Data collection is all about the details. It has everything to do with using the appropriate format and approach...combined with the right questions...to generate the right type and quantity of data that will allow new knowledge to be generated as a result of the difficult and time consuming work that is "research." Determining exactly which format and approach are best, developing questions that will get to the heart of the research focus itself, knowing how to sift through mounds of information, and putting it together to tell the story of the research and new understandings is no easy task...and there is no single, "right" way to tackle the task.
After watching Dr. Anne Jones' video, "Writing Your Thematic Literature Review," during Week 4, I created a chart for the research I had encountered. The original intent was to assist with identification of themes. During Week 5 and again during Week 6, I added additional columns to assist in capturing information about methodology, data collection techniques, especially salient points buried in the research that I stumbled upon (or that had new meaning on the fifth or sixth time I came across it). The picture all of this information paints in table form makes questions about methodology and data collection very clear: Nearly all of the research I have focused on to date favors qualitative methods. Only one of the studies on my list used a quantitative approach.
Among the data collection strategies in the literature reviewed, in-depth, semi-structured interviews that were audio-taped, transcribed, and then analyzed using constant comparative method were used. In addition, semi-structured telephone interviews (also using constant comparative method for data analysis) and surveys with follow-up interviews served as the data collection method for other studies. One piece of literature included a single-subject case study with a number of interviews spread over a semester of the school year. Only one study focused strictly on data gathered through multiple-choice surveys with no follow-up interviews.
If it is possible to have a "favorite" piece of research, I definitely favor Kaler's study focusing on Native American high school students in Montana (2011). Kaler used a grounded theory approach and cited John Creswell's Research Design: Qualitative, Quantitative, and Mixed Methods Approaches (2014) throughout her methodology section. I became very familiar's with Creswell's text while taking a research class with Dr. Barbara Adams at UAF last year...and the dog-eared copy was quietly waiting for me on the bookcase next to my desk. Kaler used a series of open-ended questions to collect data in her research; because she was studying a population that had not been specifically addressed in existing literature (Native American high school students), she found a grounded theory approach with open-ended questions most appropriate for her work. Consideration of all of the texts encountered for my lit review, as well as careful thought about the data collection methods used in those studies and the appropriateness of the methods for the questions and populations, has led me to believe that a mixed methods approach involving surveys, interviews with open-ended questions, may "fit" my question best, as well.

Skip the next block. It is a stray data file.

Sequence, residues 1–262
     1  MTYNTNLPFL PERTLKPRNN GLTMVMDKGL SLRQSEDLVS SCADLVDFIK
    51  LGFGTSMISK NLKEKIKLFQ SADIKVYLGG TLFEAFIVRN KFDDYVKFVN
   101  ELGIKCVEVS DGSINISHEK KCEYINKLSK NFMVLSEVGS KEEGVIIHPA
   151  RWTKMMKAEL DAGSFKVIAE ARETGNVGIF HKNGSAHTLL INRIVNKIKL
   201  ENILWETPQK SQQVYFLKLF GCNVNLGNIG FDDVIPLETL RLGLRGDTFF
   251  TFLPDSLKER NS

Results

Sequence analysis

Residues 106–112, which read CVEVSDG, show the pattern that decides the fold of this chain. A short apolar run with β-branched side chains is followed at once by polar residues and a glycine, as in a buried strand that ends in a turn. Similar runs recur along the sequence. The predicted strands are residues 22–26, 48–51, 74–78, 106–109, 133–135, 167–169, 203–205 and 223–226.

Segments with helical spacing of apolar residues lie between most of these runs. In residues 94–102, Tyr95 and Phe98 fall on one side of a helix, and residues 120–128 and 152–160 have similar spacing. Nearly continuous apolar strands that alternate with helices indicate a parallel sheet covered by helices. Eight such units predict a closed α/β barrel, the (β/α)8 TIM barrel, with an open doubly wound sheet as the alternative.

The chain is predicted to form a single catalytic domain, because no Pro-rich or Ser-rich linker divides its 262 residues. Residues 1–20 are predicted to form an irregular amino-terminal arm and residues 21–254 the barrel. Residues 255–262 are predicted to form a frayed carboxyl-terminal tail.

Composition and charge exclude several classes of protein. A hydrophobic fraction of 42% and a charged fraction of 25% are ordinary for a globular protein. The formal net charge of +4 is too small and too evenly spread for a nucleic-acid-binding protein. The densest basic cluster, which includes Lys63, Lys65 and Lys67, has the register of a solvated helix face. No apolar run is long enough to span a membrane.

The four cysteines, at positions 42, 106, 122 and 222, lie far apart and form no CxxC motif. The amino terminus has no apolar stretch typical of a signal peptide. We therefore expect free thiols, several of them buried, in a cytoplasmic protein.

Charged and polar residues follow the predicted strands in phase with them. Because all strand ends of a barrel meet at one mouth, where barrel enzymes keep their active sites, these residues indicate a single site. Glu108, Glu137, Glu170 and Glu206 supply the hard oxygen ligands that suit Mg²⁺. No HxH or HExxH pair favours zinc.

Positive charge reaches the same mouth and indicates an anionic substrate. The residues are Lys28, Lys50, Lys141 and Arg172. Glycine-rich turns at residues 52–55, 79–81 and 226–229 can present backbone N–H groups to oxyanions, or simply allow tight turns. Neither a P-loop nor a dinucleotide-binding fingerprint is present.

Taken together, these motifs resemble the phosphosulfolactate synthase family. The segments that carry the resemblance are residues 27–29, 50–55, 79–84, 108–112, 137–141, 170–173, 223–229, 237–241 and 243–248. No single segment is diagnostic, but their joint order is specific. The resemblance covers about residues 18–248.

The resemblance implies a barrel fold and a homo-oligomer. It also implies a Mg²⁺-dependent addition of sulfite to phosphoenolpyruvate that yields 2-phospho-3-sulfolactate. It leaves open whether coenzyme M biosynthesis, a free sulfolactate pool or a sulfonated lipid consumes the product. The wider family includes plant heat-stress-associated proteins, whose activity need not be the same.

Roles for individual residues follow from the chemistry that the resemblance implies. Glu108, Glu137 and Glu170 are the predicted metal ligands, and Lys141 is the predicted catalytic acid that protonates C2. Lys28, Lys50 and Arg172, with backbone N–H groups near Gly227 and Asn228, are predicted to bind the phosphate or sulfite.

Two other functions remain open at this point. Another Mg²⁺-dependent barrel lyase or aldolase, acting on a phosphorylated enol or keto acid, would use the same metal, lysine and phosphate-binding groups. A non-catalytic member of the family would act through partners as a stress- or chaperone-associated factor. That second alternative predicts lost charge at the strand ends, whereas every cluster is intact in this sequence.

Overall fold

Creswell, J. (2014). Research Design: Qualitative, Quantitative, and Mixed Methods Approaches. Los Angeles: Sage Publishing.
Jones, A. (July 9, 2013). Writing your thematic literature review. YouTube video. Retrieved from http://youtu.be/kgRu-JhmBm0.
Kaler, Collier. (2011). A Model of Successful Adaptation to Online Learning for College-Bound Native American HIgh School Students. University of Montana ScholarWorks. Theses, Dissertations, Professional Papers. Paper 272.
Merriam, S. (2014). Qualitative Research: A Guide to Design and Implementation. 3rd Edition. San Francisco: Wiley.